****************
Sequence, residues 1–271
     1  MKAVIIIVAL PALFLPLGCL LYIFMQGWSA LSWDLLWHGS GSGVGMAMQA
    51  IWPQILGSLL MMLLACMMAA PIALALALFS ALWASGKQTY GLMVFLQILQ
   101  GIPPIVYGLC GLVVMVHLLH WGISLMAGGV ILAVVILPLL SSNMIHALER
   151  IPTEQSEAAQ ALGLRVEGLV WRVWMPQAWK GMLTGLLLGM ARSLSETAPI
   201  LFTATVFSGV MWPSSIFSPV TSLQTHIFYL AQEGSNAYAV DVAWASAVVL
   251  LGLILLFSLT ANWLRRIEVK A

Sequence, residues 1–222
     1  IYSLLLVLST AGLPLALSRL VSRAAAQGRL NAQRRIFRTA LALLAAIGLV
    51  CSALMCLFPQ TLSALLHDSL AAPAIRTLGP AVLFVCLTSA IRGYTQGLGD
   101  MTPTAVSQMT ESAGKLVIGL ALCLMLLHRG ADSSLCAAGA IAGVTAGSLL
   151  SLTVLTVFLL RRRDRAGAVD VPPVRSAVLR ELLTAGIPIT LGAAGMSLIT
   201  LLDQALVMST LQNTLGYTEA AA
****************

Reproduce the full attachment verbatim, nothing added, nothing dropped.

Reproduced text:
Sequence, residues 1–271
     1  MKAVIIIVAL PALFLPLGCL LYIFMQGWSA LSWDLLWHGS GSGVGMAMQA
    51  IWPQILGSLL MMLLACMMAA PIALALALFS ALWASGKQTY GLMVFLQILQ
   101  GIPPIVYGLC GLVVMVHLLH WGISLMAGGV ILAVVILPLL SSNMIHALER
   151  IPTEQSEAAQ ALGLRVEGLV WRVWMPQAWK GMLTGLLLGM ARSLSETAPI
   201  LFTATVFSGV MWPSSIFSPV TSLQTHIFYL AQEGSNAYAV DVAWASAVVL
   251  LGLILLFSLT ANWLRRIEVK A

Sequence, residues 1–222
     1  IYSLLLVLST AGLPLALSRL VSRAAAQGRL NAQRRIFRTA LALLAAIGLV
    51  CSALMCLFPQ TLSALLHDSL AAPAIRTLGP AVLFVCLTSA IRGYTQGLGD
   101  MTPTAVSQMT ESAGKLVIGL ALCLMLLHRG ADSSLCAAGA IAGVTAGSLL
   151  SLTVLTVFLL RRRDRAGAVD VPPVRSAVLR ELLTAGIPIT LGAAGMSLIT
   201  LLDQALVMST LQNTLGYTEA AA